A Rose for Emily Reaction Paper

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Kristina Linseisen-Snead ENG/125 September 26, 2011 Rocquie O’Rourke

A Rose for Emily

The first short story published by William Faulkner (1930, 1897-1962), A Rose for Emily, invites the reader into the dark and oftentimes deranged world of Emily Grierson. The Southern Gothic story takes the reader on a transforming journey alongside the main character from a sweet and innocent young girl to a mental-ill spinster. The main character Emily was once a bright and promising young girl who becomes a mysterious eccentric recluse, and a focus of obsession in the town.

Emily may fall far from grace but never gives up on living life on her own terms. She somehow maintains her old southern traditions, resisting change and the coming to age of a new south brought on with a new generation. It is not until the death of Emily and the end of the story that the reader comes to know just how far the heroin has fallen. The story “A Rose for Emily” by William Faulkner uses several strategies such as irony, symbolism and, narration to convey the story. The author uses irony to set the tone for the story early. The irony in the story starts with the title, “A Rose for Emily. A rose is a beautiful flower with a pointy, which can be painful, stem with thorns. The title represents the beautiful flower and the story represents the sharp thorns. A rose is something one may bring to the funeral of a beautiful woman, here this story begins. The irony lies in that Miss Emily is never brought roses but continues to receive thorns throughout her life. These thorns include the illness and death of her father and the null chances of a proper suitor. In response to these situations she creates here own thorns against life.

The thorns created by Miss Emily do not come to light until after her death, when the body of impossible lover is uncovered, which, “once lain in the attitude of an embrace. ” (Faulkner, 1930, p. 710) The irony in the story adds to the tone and helps create the sense of tragedy and pity the reader is left felling for the character. Symbolism is used throughout the story in various ways to reinforce meaning and provide enrichment to the story. The reader must be open and willing to think deeply about life and experience to see the larger, hidden meaning of symbolism used.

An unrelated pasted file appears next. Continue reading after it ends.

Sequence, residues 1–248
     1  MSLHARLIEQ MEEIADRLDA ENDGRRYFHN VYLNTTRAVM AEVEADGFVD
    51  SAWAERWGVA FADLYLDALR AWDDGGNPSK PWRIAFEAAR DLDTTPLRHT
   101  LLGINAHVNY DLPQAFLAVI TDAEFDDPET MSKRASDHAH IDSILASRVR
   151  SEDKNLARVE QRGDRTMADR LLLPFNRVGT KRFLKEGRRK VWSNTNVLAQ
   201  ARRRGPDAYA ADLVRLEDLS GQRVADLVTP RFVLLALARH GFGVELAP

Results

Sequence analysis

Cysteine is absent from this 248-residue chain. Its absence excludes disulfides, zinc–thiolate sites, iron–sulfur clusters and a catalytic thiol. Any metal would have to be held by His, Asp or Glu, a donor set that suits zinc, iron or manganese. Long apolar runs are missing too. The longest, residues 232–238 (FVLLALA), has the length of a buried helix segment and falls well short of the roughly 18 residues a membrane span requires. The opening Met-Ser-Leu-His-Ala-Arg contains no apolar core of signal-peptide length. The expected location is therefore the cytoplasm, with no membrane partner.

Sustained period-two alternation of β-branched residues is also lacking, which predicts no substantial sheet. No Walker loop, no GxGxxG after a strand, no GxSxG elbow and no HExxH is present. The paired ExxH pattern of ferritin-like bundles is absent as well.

Symbolism is used in the setting of the story. The house that Emily lived in for so long functions as an analog to Emily herself, “lifting its stubborn and coquettish decay” alone and apart from society. The description of the house is not just about the house alone, but an accurate description of Emily and the way Emily has come to live her life. The description to the house also symbolizes the theme of social and culture conflict. Symbolism is also used to describe the character in the story. The unknown narrator of the story describes Emily as a “fallen monument” (Faulkner, 1930, p. 01) and her appearances in the windows of her house looking like a “carven torso of an idol in a niche” (Faulkner, 1930, p. 703) provide her function as an icon in the past. The symbolism used in the story creates descriptions that the reader will not soon forget, thus adding to the impact and presence of the story. Every story has a teller, a narrator; the narration of the story impacts the telling of the story and how the reader preserves the story. The narration of the story had a huge impact on the telling of the story.

The reader is not sure who the narrator is or what their interest is in the subject of Emily. The person telling this story is an observer of the story. It is unclear what side the narrator is on when it is stated that, “We did not say she was crazy then…she would have to cling to that which had robbed her, as people will. ” (Faulkner, 1930, p. 703) The narrator defends Emily and speaks out against her lifestyle. The person telling the story assumes to be talking on behalf of the entire town. It almost appears as the town itself is speaking and telling the story as it has happened over the years.

Setting Analysis of the Story a Rose for Emily

This is apparent when it is said, “our whole town went to her funeral” (Faulkner, 1930, p. 701) and the repeated use of “we. ” Through the use of narration, Faulkner is able to make reader fell as, though they are a part of the story being told. A Rose for Emily, by William Faulkner, highlights what can happen when the clock moves forward but time does not. Emily Grierson is seen as the victim in this story because it somehow appears that she was not able to fulfill her potential and find her place in the world.

Thus the town takes pity on her. In the end the reader is also somehow compelled to have pity for Emily even though the reader grossly disturbed by her behavior. By using irony, symbolism, and narration, Faulkner is able to direct the readers’ reaction away from a grotesque and morbid story to a powerful story of sympathy. Reference Faulkner, W. (1930). A Rose for Emily. (pp. 701-710) Barnet, S. , Burto, W. , ; Cain, W. (2011). Literature for composition: Essays, stories, poems, and plays (8th ed. ). Boston, MA: Longman.

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